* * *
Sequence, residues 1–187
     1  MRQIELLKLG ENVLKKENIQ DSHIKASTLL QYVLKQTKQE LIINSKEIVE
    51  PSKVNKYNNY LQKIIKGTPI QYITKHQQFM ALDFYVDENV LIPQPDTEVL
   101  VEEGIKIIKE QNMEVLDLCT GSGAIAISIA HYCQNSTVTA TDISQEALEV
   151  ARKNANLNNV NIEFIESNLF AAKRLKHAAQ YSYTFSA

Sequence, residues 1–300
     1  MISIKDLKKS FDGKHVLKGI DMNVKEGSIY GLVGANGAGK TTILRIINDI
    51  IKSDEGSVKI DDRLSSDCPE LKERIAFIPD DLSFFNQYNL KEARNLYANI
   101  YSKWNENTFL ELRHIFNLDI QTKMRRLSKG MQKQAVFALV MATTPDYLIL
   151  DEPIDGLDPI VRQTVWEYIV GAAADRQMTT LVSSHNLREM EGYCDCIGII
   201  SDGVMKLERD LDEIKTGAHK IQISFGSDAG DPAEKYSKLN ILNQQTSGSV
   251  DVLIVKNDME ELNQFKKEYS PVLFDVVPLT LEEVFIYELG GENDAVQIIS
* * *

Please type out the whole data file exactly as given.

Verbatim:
Sequence, residues 1–187
     1  MRQIELLKLG ENVLKKENIQ DSHIKASTLL QYVLKQTKQE LIINSKEIVE
    51  PSKVNKYNNY LQKIIKGTPI QYITKHQQFM ALDFYVDENV LIPQPDTEVL
   101  VEEGIKIIKE QNMEVLDLCT GSGAIAISIA HYCQNSTVTA TDISQEALEV
   151  ARKNANLNNV NIEFIESNLF AAKRLKHAAQ YSYTFSA

Sequence, residues 1–300
     1  MISIKDLKKS FDGKHVLKGI DMNVKEGSIY GLVGANGAGK TTILRIINDI
    51  IKSDEGSVKI DDRLSSDCPE LKERIAFIPD DLSFFNQYNL KEARNLYANI
   101  YSKWNENTFL ELRHIFNLDI QTKMRRLSKG MQKQAVFALV MATTPDYLIL
   151  DEPIDGLDPI VRQTVWEYIV GAAADRQMTT LVSSHNLREM EGYCDCIGII
   201  SDGVMKLERD LDEIKTGAHK IQISFGSDAG DPAEKYSKLN ILNQQTSGSV
   251  DVLIVKNDME ELNQFKKEYS PVLFDVVPLT LEEVFIYELG GENDAVQIIS